He says that's why `Aa'isha (RA), when she was asked whether it was permissible to wet the shoes instead of washing the feet during ablution, she replied, "Ask Ali; he used to travel with the Prophet."

  • To take the narration of a person about something that happened to him or her over narrations by others about other people.

While these two points apply to preponderance in the Hadeeth, can either of them apply to abrogation in the Quran? I'd say yes, because a narration by someone trustworthy who said he heard from the Prophet that a verse has been abrogated, such narration would be a solid base for an abrogation claim. Guess what! That never happened :)

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 Post subject: Re: Validation process
PostPosted: 20 Oct 2013, 20:02 
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One of the validation criteria for accepting one narration over another, writes Abu-Bakr Al-Hamdaani in his book الاعتبار في الناسخ والمنسوخ من الآثار, page 17, is that one evidence is a clear statement while the other is an implication.

He cites the hadeeth that specifies the required Zakah (alms) out of sheep, "Out of every forty sheep one sheep." He says it contradicts the hadeeth, "The pen is lifted concerning three...a boy until he reaches puberty." He says that this latter implies that a boy is not addressed by religious commands and therefore is not required to pay Zakah on his sheep. He argues against that by saying that the boy's guardian is still addressed and therefore Zakah is required.

While his conclusion may be correct, his argument has three problems IMHO:

  • This is neither abrogation nor preponderance; it's exemption.

  • What if the boy doesn't have an adult guardian? He did not address that possibility.

  • "The pen has been lifted" means that actions of a boy are not written down in his record of deeds. If the boy does not have an adult guardian and he decides to give Zakah, he will be rewarded by God for doing a good deed, not for obliging a religious requirement. If he decides not to pay Zakah, he will not be punished.

All that being said, the validation criterion that implication is no basis for claiming abrogation is a valid criterion. I wish scholars did apply it uniformly. Many narrations which scholars cited for evidence only imply abrogation, because they use the word "naskh" which as we've shown many times may mean many other semantics. We've even shown how many opinions of scholars have been presented by other scholars as supporting an abrogation case, when in fact they were against it!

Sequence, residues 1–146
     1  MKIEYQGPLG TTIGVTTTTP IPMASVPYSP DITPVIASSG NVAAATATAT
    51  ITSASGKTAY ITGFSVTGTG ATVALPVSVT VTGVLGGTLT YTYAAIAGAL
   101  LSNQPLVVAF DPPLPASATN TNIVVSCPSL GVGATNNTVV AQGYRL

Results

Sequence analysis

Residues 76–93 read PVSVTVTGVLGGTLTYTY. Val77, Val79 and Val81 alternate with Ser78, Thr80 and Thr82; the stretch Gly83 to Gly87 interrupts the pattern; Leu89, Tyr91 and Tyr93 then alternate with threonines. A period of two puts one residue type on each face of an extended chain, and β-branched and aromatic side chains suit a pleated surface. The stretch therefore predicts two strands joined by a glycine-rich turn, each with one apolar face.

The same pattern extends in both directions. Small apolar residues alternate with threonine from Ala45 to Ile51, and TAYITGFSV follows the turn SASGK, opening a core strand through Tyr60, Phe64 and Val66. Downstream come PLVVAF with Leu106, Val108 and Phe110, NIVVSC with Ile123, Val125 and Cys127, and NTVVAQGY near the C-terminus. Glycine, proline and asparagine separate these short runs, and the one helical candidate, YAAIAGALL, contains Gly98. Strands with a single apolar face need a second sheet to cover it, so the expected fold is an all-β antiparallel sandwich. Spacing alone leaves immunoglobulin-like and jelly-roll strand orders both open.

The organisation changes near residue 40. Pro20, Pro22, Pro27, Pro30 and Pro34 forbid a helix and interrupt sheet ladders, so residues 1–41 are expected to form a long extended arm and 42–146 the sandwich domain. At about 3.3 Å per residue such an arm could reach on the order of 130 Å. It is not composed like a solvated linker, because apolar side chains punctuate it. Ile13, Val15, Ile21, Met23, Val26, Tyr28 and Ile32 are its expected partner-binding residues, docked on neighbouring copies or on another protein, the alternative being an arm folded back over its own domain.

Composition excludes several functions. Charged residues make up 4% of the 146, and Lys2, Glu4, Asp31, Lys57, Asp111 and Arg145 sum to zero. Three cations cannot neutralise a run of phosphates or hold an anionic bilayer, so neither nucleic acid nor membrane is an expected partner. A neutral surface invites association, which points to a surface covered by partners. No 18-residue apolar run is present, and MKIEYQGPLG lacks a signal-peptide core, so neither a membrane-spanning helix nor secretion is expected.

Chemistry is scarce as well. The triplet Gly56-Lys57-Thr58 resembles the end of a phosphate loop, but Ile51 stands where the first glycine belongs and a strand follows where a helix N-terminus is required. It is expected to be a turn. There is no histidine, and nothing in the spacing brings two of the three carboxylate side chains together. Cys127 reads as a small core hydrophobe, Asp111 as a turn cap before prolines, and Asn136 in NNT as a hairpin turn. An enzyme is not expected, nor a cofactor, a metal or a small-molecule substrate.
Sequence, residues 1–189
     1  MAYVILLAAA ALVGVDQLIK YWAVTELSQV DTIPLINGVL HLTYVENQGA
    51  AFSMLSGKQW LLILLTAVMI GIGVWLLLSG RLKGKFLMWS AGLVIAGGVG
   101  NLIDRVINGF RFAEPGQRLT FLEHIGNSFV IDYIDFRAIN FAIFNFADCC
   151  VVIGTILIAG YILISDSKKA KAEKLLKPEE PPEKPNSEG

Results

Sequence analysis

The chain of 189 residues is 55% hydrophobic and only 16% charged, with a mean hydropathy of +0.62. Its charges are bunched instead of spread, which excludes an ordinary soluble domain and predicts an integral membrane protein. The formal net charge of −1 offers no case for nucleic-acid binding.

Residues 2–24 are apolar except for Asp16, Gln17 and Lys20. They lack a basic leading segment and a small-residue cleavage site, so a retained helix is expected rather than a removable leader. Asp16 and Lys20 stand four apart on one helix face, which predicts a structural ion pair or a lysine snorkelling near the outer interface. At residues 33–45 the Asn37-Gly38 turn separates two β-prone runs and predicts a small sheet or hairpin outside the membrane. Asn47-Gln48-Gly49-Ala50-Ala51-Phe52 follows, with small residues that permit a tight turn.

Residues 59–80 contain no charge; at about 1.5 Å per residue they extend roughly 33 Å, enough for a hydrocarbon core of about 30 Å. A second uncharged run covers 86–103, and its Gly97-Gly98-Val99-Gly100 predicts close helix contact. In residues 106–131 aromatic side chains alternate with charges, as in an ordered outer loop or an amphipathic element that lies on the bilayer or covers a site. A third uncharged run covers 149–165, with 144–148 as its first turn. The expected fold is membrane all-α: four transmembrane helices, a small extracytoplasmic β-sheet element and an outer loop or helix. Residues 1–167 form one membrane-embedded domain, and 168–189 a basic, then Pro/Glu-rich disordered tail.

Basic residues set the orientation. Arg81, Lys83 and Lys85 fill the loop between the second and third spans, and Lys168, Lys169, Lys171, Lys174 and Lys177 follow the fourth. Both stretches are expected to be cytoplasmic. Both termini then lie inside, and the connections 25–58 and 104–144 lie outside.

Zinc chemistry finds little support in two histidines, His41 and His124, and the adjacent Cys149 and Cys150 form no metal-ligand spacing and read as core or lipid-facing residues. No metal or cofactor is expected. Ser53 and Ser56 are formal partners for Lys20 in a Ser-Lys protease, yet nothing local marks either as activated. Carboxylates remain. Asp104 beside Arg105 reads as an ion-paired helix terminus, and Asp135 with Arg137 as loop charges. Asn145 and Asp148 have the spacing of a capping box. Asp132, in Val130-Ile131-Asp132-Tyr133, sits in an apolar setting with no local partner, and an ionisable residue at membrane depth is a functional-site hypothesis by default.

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 Post subject: Re: Validation process
PostPosted: 21 Oct 2013, 20:19 
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Al-Hamdaani suggests a preponderance rule, in his book الاعتبار في الناسخ والمنسوخ من الآثار, page 17, which is rather strange. He says that general text is taken over specific text. His argument is specificity "weakens" the generality. He added that many scholars have regarded specificity as a "figure of speech."

Specificity does not weaken a generality; it specifies something that the generality does not apply to. That is akin to exception. That is also what most scholars of foundations have stated.

No wonder why so many abrogation claims made by scholars were in reality very simple cases of specification.

The notion of specification seems to elude Al-Hamdaani, because, on page 19, he gives an example for another preponderance suggestion he makes. His suggestion is that similar rulings in another matter give weight over different rulings. He cites the hadeeth, "there is no donation to be made (required alms) in less than five freights of dates." He says this is taken over the hadeeth, "In what the sky watered is one tenth." He says the reason for making this decision is the hadeeth: "There is no donation is less than five ounces of silver." He says the two rulings are similar.

But the two rulings are for two different categories of property! Furthermore, the one-tenth hadeeth is general. It is made specific for date loads that are less than five freights. Where is the contradiction? If the sky irrigated your date crop, but the crop was less than five freights, then you are not required to give alms on it. If it is heavier than that, you are.

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 Post subject: Re: Validation process
PostPosted: 28 Oct 2013, 05:04 
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Linguistic wrote:
  • That the old ruling was not timed. As an example of this, he quotes a hadeeth of the Prophet (PBUH), "No praying after Dawn until the sun rises and no praying after Asr until the sun sets.", reported by Al-Bukhaari, Muslim, At-Tirmizhi and Ibn Hanbal.

With all due respect to the esteemed author, a ruling being timed means that there comes a point in time when that ruling is no longer valid from that point on, not that the ruling that involves a timing component. For instance, the ruling that Ramadan should be fasted is not a timed ruling, although it addresses the timing of fasting.